Thirty-five-year-old Yajaira Sierra Sastre has spent most of her life dreaming about being the first Puerto Rican woman in space. The aspiring astronaut has a PhD in nanotechnology from Cornell University, and says she is one step closer to her dream now that she’s been accepted into a NASA planetary project.
“I’ve wanted to be an astronaut since I was a little girl,” Sierra Sastre said to EFE in a recent interview. “I told people at school that’s what I wanted, and since then I’ve kept every newspaper article I ever saw about astronauts and missions to outer space.”
One of the six people chosen to live in NASA’s planetary base, Sierra Sastre will spend four months living inside of an environment designed to simulate a future base on Mars.
“We’re six scientists who will live for four months isolated in a planetary module to simulate what life will be like for astronauts at a future base on Mars, while also taking part in a study on the importance of healthy meals in outer space,” Sierra Sastre said.
Research has shown astronauts in space don’t eat enough, presumably getting bored with the lack of variety in their food. That decrease in nutrition leads to weight loss and lethargy, two things that could be very dangerous in a base far from medical care on Earth.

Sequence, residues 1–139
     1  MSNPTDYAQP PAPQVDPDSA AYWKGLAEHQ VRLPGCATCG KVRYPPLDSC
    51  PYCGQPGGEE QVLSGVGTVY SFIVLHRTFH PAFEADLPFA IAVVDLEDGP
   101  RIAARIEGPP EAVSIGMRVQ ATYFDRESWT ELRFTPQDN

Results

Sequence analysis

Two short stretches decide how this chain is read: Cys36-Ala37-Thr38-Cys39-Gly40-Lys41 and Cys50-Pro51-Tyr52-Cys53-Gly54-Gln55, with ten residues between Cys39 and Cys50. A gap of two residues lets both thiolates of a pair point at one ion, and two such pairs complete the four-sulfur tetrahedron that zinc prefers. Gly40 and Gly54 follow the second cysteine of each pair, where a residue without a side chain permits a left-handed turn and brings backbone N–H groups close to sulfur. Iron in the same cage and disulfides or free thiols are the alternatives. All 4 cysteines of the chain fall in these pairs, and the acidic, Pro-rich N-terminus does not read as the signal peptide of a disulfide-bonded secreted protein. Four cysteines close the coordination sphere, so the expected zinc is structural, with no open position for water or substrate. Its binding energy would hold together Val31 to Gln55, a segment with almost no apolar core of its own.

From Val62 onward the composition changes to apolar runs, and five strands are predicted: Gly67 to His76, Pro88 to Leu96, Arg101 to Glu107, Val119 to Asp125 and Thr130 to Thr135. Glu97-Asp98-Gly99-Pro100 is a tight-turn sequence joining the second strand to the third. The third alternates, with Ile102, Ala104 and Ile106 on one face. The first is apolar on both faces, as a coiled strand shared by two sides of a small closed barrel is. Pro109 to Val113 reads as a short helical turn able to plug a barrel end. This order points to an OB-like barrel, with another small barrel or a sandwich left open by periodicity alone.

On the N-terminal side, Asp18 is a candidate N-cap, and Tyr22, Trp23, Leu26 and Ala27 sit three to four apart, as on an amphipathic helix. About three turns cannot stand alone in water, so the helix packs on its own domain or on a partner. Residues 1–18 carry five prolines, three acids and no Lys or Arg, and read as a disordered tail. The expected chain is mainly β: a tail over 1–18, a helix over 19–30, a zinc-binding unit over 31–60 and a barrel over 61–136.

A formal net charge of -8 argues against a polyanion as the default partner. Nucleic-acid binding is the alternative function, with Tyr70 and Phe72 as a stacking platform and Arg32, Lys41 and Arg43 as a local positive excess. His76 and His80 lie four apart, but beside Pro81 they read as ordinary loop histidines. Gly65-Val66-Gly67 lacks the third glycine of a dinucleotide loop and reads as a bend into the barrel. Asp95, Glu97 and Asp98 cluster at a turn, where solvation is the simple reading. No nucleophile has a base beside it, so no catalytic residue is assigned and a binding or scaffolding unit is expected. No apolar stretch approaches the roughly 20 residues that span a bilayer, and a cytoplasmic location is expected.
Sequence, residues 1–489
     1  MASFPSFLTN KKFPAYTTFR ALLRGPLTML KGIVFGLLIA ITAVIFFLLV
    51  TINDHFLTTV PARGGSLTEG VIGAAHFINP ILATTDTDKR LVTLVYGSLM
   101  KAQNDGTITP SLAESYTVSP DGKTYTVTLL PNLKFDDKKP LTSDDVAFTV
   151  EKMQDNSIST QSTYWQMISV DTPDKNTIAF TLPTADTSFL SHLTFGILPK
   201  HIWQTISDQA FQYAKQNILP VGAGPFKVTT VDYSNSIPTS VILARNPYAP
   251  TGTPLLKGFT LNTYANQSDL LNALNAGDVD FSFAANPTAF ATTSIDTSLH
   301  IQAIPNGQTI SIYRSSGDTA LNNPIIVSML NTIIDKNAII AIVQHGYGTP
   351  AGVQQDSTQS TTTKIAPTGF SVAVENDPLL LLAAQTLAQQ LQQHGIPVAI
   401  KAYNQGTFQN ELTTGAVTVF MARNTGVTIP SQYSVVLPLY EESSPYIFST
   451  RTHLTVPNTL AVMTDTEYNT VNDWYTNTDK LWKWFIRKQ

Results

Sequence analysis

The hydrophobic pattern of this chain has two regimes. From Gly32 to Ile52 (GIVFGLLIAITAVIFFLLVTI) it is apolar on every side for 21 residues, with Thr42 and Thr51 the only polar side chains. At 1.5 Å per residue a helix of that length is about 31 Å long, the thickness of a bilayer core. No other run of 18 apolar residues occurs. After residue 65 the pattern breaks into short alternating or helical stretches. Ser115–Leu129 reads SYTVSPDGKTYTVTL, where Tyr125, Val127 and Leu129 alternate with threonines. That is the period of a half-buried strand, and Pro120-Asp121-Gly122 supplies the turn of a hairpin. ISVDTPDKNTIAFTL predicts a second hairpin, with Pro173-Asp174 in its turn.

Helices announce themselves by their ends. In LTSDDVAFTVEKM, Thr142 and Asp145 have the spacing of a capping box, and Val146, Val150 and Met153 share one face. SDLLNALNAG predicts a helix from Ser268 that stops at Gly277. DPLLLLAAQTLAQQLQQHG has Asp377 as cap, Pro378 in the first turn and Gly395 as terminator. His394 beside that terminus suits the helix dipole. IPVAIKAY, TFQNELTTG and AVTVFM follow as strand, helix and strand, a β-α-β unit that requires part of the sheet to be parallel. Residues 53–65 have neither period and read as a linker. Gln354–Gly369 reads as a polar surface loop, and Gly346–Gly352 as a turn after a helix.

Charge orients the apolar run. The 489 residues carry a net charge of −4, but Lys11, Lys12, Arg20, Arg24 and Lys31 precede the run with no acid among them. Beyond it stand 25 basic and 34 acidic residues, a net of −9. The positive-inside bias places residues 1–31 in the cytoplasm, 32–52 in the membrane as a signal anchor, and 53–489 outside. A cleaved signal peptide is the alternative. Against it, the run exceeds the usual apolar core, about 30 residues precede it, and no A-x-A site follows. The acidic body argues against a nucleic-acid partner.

While inside the base located in Hawaii, Sierra Sastre and her companions will live devoid of contact from the outside world, with the exception of emails. If they step outside of the facility, they will have to wear spacesuits.
The controlled environment is part of the food development program, Sierra Sastre explained, and designed to determine if senses of smell and taste change during periods of isolation, and the impact this has on astronauts’ mental and emotional state.
“They’re teaching us new cooking techniques,” said Sierra Sastre, “and we’re putting together a database of recipes that we’ll recommend to NASA for future missions to Mars – and I will personally make sure we’ll have Martian paella, which we will make with rehydrated seafood.”
Cooking would be possible on Mars, she explained, due to a minimal presence of gravity. To simulate the cooking environment, NASA is providing a pantry of non-perishable items for the group to experiment with. Among those, says Sierra Sastre, will be traditional Puerto Rican ingredients such as recaito pepper sauce, cilantro and annatto.
The program takes the Puerto Rico native one step closer to her goal of visiting outer space; she sent in her application to NASA during November of 2011 when the organization listed 15 open slots for astronaut training.